Featured Research

from universities, journals, and other organizations

CT Helps Find Cause Of Puzzling Cough In World Trade Center Rescue Workers

Date:
December 3, 2004
Source:
Radiological Society Of North America
Summary:
Radiologists are one step closer to solving a mysterious condition affecting World Trade Center (WTC) rescue and recovery workers.

Air Trapping Grade 3 (0–4).
Credit: Image courtesy of Radiological Society Of North America

CHICAGO - Radiologists are one step closer to solving a mysterious condition affecting World Trade Center (WTC) rescue and recovery workers.

Air trapping, a manifestation of obstructed lung airways often seen in smokers and the elderly, was identified in 25 of 29 rescue and recovery workers suffering from "WTC cough," according to early research results presented today at the annual meeting of the Radiological Society of North America (RSNA).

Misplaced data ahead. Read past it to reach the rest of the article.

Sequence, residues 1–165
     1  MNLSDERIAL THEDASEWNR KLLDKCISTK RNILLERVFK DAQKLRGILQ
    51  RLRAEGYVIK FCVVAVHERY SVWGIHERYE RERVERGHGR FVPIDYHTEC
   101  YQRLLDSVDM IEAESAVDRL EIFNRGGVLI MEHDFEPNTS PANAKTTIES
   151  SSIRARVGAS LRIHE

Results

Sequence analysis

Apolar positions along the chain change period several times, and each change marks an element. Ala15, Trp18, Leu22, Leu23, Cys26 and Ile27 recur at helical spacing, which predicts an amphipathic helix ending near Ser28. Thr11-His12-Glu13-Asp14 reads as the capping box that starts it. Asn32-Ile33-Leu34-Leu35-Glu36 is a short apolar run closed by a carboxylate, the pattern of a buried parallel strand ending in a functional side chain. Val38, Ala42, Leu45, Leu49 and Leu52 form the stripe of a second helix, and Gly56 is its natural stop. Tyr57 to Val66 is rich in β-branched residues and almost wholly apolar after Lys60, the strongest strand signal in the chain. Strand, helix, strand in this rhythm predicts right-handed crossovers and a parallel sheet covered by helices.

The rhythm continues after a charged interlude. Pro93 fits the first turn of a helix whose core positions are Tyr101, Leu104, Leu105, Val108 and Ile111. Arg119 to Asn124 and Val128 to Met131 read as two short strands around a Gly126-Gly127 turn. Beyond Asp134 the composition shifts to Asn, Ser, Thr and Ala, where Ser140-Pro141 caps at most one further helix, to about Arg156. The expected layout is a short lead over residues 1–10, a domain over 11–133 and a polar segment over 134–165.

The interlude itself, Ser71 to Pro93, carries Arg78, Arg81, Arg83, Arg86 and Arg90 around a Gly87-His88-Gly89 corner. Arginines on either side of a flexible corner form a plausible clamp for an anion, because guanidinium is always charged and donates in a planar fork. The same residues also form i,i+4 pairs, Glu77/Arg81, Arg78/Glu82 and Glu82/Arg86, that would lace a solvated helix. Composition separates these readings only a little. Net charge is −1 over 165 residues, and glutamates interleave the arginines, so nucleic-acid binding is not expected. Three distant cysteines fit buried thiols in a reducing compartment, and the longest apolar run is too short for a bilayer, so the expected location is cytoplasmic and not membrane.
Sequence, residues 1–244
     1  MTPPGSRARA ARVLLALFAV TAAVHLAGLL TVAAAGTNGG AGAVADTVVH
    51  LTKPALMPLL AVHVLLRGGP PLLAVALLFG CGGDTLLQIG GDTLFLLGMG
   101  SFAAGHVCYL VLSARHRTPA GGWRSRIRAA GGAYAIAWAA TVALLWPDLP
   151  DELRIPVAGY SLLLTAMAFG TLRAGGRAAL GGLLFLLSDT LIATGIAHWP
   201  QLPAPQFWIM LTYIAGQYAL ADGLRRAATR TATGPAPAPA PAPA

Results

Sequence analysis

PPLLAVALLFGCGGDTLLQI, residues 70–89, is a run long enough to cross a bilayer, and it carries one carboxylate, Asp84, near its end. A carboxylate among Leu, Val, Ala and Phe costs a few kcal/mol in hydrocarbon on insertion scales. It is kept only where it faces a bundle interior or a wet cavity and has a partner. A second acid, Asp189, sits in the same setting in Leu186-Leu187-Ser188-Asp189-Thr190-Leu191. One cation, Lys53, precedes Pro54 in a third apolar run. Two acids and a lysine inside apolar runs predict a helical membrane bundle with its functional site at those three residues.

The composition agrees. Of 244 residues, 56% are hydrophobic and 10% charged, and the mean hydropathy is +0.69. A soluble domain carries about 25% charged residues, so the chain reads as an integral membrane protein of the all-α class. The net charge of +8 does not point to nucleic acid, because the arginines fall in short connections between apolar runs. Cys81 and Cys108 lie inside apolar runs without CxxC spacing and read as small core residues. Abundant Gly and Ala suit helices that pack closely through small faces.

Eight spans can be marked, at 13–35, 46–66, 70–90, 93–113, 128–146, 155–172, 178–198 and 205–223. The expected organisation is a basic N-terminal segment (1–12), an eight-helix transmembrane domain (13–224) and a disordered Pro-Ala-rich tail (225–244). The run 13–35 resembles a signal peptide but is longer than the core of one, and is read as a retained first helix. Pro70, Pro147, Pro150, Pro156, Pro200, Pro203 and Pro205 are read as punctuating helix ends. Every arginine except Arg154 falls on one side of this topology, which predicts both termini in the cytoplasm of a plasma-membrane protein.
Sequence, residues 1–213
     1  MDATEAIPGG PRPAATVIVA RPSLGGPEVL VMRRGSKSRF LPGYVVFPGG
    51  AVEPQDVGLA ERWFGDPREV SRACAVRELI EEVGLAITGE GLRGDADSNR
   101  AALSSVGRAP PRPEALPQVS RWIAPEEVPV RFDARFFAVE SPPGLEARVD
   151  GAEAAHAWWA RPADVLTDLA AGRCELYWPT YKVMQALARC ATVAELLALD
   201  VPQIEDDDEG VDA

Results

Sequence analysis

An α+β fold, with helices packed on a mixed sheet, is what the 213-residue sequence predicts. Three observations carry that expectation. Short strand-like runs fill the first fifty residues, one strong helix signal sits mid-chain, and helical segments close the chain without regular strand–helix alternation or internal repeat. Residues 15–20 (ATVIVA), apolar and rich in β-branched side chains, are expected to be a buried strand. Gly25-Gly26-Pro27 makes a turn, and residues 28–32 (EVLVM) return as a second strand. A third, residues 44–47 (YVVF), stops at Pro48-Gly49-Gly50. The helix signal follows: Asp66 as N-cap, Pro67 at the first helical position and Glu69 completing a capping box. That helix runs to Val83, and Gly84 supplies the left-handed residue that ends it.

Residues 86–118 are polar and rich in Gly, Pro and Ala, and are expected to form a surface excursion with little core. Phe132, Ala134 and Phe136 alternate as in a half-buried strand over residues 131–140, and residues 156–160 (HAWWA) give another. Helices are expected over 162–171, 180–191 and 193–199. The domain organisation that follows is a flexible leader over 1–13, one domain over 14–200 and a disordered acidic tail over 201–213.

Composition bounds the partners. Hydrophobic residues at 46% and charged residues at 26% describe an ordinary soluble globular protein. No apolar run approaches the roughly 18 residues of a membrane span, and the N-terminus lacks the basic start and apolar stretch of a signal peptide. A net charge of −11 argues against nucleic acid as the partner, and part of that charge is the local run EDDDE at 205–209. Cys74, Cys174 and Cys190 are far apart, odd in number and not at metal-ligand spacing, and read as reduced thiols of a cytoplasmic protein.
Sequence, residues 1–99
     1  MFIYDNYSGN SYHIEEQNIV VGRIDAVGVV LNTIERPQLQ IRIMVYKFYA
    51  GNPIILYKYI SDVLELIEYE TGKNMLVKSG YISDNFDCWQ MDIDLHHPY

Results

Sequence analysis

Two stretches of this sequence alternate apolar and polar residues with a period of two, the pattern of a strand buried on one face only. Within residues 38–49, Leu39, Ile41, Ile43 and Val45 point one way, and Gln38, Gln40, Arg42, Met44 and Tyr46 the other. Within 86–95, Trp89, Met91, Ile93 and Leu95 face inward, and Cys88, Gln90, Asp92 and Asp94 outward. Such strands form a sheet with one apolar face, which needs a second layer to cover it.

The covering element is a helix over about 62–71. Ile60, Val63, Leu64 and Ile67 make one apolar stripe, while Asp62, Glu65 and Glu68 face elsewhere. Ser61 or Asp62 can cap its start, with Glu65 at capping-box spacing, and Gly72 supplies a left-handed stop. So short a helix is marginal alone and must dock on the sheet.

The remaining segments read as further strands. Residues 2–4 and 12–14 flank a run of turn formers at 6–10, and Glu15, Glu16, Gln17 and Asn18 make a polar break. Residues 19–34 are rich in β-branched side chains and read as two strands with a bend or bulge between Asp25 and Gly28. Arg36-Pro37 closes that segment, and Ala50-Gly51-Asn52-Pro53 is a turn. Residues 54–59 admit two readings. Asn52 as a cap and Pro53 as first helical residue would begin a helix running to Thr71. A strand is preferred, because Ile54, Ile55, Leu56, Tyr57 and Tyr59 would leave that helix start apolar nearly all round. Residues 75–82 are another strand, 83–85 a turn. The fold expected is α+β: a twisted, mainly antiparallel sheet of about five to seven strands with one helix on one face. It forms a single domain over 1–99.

"Our research further corroborates that people at the World Trade Center site on Sept. 11, 2001, and the days after were exposed to environmental toxins that initiated airway problems," said lead author David S. Mendelson, M.D., associate professor of radiology at the Mount Sinai School of Medicine in New York City.

The diagnosis was made using end-expiratory high-resolution CT, a rarely used test that is performed after patients have expelled their breath. In a typical chest CT, the scan is performed during a deep breath hold. Twenty-nine rescue and recovery workers whose respiratory complaints could not be clearly characterized by routine pulmonary function tests were evaluated with standard CT and end-expiratory CT. The end-expiratory CT revealed abnormalities not detected on the standard CT.